Nick Alford-The Corsair
Nearly three months after the leaking well head that released an estimated 4.9 million barrels of crude oil into the Gulf of Mexico was finally capped, the EPA and BP have issued statements telling the public that the oil spill has been cleaned up and that no more crude can be found in the Gulf.
As the broken well head was spewing an estimated average of 50,000 barrels of crude into the Gulf per day, BP made the unprecedented decision to spray the leak with over 1.7 million gallons of Corexit 9500A, a dispersant that breaks down oil so that it can be more readily consumed by naturally occurring bacteria.
“Dispersants and surfactants have been part of our tool bag for dealing with oil spills for a long time, but we have never used them in these quantities before,” said Professor Richard Snyder, director of the Center for Environmental Diagnostics and Bioremediation at University of West Florida, in a lecture on Sept 3.
According to a press release issued by the EPA, tests have concluded that dispersants alone were less toxic than oil, and that the combination of the two are no more toxic than either alone.
The press release stated, “The results of the aquatic toxicity tests generally classified the dispersants as ranging from slightly toxic to practically non-toxic to both test species with the exception of one dispersant found to be moderately toxic to fish.”
“Technically that might be true, but it’s not environmentally relevant,” Snyder said. “If the oil is floating on the surface and the fish are swimming underneath they’re not exposed to it. But as soon as you put dispersants on the oil and it dissolves the oil in the water; now you’ve exposed the fish; you have increased the bio availability of the oil.”
Snyder compared the dispersed oil in the Gulf to dissolved sugar in a cup of coffee, saying that just because you can’t see it doesn’t mean it’s not there.
“The main benefit to BP (and our Federal Government) is to be free of this oil,” Snyder said. “They want it to go away. As soon as it’s off the pictures in the news, people forget.”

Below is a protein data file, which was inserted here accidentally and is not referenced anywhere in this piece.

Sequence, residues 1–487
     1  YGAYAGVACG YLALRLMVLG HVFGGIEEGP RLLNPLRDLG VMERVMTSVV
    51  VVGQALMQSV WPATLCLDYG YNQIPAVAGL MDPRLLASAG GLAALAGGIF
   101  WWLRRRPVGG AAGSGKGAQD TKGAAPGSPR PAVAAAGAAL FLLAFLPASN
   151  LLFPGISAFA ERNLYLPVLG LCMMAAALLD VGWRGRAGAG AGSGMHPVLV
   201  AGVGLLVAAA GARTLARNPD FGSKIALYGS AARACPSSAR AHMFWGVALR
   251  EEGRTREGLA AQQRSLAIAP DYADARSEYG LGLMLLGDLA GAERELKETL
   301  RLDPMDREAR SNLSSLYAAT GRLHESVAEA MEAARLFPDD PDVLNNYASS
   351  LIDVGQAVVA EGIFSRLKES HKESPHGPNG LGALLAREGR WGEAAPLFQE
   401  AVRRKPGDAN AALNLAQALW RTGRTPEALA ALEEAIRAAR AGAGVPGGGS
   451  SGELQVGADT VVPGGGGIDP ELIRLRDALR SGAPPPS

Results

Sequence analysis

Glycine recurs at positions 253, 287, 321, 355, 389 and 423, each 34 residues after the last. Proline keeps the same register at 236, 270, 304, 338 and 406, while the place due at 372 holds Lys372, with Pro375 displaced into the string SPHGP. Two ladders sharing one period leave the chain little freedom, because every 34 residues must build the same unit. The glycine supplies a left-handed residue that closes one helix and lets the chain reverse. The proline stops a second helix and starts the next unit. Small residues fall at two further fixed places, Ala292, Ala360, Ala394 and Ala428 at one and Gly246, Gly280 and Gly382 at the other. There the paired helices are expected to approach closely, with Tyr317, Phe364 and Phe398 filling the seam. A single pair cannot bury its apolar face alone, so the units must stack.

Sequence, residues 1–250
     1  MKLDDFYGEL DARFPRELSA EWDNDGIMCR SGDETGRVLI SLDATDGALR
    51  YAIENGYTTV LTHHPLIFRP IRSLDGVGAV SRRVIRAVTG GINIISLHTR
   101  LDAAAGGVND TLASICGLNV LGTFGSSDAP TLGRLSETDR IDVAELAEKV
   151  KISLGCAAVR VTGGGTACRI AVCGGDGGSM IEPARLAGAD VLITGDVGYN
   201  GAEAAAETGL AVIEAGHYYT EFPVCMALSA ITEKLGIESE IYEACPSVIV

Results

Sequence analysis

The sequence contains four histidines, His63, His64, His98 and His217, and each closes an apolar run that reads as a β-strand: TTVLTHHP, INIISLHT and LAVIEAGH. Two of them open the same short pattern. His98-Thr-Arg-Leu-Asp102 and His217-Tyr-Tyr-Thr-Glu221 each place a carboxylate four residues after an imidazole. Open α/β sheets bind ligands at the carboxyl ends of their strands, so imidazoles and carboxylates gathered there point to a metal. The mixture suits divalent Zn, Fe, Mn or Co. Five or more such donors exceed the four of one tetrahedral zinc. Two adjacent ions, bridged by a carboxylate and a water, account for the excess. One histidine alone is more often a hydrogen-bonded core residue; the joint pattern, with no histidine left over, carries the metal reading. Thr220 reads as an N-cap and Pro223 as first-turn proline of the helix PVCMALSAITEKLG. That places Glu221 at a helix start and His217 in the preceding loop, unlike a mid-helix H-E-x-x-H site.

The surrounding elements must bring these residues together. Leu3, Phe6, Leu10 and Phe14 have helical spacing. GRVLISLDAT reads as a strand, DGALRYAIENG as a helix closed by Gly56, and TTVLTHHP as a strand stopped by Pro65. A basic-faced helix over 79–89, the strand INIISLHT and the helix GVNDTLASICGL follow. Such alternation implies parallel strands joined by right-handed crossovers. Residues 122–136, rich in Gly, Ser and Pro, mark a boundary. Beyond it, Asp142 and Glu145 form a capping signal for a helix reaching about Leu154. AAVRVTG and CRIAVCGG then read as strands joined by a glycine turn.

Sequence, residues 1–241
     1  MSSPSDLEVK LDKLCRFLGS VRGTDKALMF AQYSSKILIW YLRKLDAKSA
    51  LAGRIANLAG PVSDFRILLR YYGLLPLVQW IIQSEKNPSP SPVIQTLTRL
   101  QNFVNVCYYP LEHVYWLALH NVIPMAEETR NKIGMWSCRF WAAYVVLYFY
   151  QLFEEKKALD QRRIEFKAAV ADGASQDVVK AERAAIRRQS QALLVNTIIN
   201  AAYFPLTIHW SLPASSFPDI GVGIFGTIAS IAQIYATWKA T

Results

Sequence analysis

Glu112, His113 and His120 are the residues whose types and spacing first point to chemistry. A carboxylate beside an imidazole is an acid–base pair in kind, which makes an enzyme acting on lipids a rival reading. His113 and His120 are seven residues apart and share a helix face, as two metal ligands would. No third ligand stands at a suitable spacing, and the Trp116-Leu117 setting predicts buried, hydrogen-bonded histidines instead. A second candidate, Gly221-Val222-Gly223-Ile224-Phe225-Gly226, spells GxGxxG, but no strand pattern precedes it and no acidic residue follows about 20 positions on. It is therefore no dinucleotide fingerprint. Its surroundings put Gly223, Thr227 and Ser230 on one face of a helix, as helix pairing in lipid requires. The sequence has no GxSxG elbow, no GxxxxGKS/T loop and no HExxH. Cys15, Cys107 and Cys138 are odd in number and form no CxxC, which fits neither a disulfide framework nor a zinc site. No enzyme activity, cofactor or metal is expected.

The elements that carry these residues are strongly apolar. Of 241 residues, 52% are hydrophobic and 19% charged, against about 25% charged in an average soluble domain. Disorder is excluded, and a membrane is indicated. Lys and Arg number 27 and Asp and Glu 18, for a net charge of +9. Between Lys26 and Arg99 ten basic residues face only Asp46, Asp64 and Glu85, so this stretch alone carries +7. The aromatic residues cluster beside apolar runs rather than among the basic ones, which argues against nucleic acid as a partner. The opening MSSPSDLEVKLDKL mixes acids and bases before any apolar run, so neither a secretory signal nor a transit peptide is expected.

Snyder and his team have been actively investigating the impact this had on the marine habitat with no cooperation from BP or the EPA. According to Snyder, he had to drive to Louisiana himself to get an oil sample from an acquaintance who worked on a cargo ship.
“No one would send a sample to any of our labs so that we could establish an analytical baseline,” Snyder said. “NOAA wouldn’t send it, EPA didn’t have it and BP certainly wasn’t sending any out. There was very tight control from both BP and the Federal Government.”
They found layers upon layers of what they suspect to be degraded oil on the ocean floor about 60 miles due south of Pensacola on a marine expedition in mid June.
Snyder said they will not know for sure until next year what the long term effects of this will be; “Out there, near the well sight, quite likely, very little survived. It was one of the major spawning grounds for Blue Fin Tuna,” Snyder said. “We don’t expect too much from Blue Fin Tuna reproduction.”
There are over 3600 active oil drilling platforms connected by a network of 25,000 miles of active oil pipeline in the Gulf of Mexico.
“It’s a testament to the offshore drilling industry that we haven’t had major catastrophe like this so far.” Snyder said, “If you’ve read anything about what happened at this well site than you realize that there were a lot of people asleep at the switch. It’s not that we need more regulation, it’s that we need to follow the ones that we have.”